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Bionik’s Robotic Exoskeleton Gains Powerful Voice Command Capability


Posted in Research and Development by mthibault on August 8, 2017

Two futuristic technologies combine in the form of an Amazon Echo/Alexa voice-controlled robotic exoskeleton from Bionik Laboratories.


Marie Thibault

Bionik Laboratories Corp's ARKE exoskeleton, in clinical development, has been integrated with voice control.

It may seem like the stuff of sci-fi movies, but patients with mobility impairments can now direct their exoskeletons to stand, sit, walk, and more using just their voices.  

Bionik Laboratories Corp., the makers of the ARKE lower body exoskeleton, have added the capabilities of Amazon’s Echo and Alexa Voice Service to the robotic device. The ARKE exoskeleton is in clinical development and is intended for patients with neurological and mobility challenges as a rehabilitative and assistive technology.

Michal Prywata, cofounder, chief operating officer, and director of Bionik Laboratories, told MD+DI that the idea for the integration was borne from an expectation of a greater future need for intelligent, easy-to-use assistive technologies.

“There is a trend in healthcare to move patients from expensive healthcare systems to their homes. A lot of these people will be severely disabled and will need robust assistive technologies to be mobile in their homes,” Prywata said. “These types of devices will require a lot of training and effort at first for the user, so we thought it would be a great idea to implement Echo to help, because we know Echo will also continue to improve.”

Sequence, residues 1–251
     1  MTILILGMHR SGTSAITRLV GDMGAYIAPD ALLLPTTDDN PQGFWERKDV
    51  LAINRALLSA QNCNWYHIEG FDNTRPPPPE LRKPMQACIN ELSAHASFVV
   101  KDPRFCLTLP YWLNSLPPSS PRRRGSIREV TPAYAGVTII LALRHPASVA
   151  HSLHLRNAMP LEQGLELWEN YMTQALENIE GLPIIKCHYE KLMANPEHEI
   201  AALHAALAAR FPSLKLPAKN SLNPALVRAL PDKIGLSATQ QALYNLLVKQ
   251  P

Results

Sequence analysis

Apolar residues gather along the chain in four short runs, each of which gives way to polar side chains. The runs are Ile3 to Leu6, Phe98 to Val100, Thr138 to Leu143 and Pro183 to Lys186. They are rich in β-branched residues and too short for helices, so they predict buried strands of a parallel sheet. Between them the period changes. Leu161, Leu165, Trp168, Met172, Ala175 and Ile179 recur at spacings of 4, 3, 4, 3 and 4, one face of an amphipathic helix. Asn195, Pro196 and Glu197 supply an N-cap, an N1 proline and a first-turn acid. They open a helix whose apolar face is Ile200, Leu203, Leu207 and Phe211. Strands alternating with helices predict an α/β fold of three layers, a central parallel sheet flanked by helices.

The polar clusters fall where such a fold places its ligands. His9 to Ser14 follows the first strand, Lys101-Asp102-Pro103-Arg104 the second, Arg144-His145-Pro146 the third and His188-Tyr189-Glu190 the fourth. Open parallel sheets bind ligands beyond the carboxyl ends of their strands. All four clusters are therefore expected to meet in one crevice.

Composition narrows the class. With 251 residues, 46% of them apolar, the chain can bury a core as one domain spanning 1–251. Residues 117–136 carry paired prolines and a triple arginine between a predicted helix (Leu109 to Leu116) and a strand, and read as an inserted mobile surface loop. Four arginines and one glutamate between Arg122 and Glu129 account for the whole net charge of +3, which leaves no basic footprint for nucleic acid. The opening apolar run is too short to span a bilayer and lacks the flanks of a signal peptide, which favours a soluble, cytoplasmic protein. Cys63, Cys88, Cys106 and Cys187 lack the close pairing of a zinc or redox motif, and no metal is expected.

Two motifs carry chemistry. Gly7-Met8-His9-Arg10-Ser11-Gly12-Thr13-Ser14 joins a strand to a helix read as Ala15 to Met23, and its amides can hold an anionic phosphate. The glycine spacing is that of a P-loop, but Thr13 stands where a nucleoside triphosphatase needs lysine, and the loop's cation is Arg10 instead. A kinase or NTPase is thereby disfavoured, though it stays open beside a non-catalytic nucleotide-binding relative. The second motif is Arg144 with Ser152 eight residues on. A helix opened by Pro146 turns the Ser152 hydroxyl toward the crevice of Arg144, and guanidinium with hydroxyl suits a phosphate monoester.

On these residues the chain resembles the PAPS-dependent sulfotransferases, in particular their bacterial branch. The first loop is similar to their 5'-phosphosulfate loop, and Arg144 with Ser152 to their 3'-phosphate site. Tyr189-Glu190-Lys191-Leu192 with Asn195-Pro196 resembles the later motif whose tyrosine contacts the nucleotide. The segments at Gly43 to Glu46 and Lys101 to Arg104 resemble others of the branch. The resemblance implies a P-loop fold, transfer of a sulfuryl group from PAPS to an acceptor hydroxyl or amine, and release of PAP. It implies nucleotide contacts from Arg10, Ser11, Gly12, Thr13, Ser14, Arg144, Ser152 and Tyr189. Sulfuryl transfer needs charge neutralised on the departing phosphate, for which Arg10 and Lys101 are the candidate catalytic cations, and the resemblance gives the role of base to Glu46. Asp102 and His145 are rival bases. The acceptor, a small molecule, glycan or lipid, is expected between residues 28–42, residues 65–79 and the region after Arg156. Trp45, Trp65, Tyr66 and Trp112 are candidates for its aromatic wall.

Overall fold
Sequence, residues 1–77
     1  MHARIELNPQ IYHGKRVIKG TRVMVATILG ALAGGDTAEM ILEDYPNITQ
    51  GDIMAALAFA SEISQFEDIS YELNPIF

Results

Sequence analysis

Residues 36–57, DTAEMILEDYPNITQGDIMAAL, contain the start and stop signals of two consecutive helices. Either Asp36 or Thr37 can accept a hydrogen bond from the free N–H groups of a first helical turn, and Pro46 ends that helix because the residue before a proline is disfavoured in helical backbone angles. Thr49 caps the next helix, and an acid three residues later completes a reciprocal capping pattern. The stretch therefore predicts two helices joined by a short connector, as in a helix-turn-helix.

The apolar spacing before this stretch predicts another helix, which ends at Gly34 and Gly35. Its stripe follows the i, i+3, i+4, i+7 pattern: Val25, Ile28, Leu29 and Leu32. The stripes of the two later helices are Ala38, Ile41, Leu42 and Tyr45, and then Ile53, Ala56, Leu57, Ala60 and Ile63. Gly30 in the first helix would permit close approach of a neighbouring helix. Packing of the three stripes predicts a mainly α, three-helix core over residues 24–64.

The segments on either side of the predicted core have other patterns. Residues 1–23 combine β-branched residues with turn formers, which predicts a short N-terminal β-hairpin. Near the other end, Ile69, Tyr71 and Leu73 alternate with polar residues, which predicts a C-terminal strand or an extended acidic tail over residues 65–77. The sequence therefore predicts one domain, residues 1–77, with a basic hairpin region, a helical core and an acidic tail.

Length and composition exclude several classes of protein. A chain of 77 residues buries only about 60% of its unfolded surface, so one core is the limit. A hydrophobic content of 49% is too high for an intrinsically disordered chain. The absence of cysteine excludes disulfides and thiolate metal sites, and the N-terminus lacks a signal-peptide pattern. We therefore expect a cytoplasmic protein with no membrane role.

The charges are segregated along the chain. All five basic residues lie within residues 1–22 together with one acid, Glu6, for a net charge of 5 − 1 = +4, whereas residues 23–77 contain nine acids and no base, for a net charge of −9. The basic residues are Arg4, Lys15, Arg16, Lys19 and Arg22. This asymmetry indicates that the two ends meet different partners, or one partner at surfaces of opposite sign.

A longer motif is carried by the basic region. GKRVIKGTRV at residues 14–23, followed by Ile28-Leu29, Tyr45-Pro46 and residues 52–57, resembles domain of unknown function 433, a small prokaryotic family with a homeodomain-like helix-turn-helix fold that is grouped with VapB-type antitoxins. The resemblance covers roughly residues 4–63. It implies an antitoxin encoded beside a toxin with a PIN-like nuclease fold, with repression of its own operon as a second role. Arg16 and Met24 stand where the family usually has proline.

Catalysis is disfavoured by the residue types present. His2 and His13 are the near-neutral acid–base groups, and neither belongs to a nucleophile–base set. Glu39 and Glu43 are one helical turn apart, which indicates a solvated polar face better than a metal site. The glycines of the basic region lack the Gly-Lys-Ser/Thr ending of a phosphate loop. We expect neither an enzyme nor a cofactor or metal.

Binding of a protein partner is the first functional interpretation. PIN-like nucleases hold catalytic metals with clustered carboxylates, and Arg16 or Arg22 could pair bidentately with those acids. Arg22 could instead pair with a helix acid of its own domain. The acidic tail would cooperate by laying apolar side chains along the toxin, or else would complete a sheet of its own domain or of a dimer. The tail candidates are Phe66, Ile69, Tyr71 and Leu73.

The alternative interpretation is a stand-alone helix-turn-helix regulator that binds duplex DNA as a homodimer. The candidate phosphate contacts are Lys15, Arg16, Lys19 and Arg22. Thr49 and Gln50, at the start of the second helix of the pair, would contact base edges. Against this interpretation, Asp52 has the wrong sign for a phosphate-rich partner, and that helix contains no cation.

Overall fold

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The integration means that ARKE users will be able to stand up simply by saying “Alexa, I’m ready to stand.” The technology gives users power over about 50 different voice commands. Besides being able to sit, stand, and walk, users can switch over to manual mode and use voice control to change their stride length.

The integration gives users the ability to operate the ARKE exoskeleton using voice commands.

“The commands would be similar to how you use Alexa to turn on lights or listen to music,” Prywata explained. “An action item is needed—‘Alexa, stand me up,’ or ‘Alexa, stop walking’—in the same way you’d say ‘Alexa, turn on the lights.’” He added that more voice commands will be offered over time as clinical testing uncovers more useful functionalities.

The integration was achieved using Amazon’s API development kit and by ensuring Bionik Laboratories’ servers communicate with Amazon’s servers. Prywata explained that the company will next work directly with Amazon to confirm that the development is thorough and reliable.

“We can’t have any possibility of a wrong command since we’re dealing with people’s lives,” he pointed out.

Earlier this summer, Bionik Laboratories partnered with Wistron Corporation to develop a consumer-type exoskeleton intended for use in the home at a lower price. According to a press release, this home-use exoskeleton would ideally be financeable, costing the user less than the current cost of care for a mobility-impaired patient.

“Aside from the large number of citizens who have suffered injury, the global population is also aging rapidly, and those citizens will be in need of a home-based assistive product that can truly provide them the mobility that a wheelchair, cane, or crutches currently can’t,” Peter Bloch, CEO and chairman of the board of Bionik Laboratories, said in a press release. “We will continue to seek out partnerships and technological advancements that will enable us to serve that population on a mass consumer scale.” 

Marie Thibault is the managing editor at MD+DI. Reach her at marie.thibault@ubm.com and on Twitter @MedTechMarie.

[Images courtesy of BIONIK LABORATORIES CORP.]


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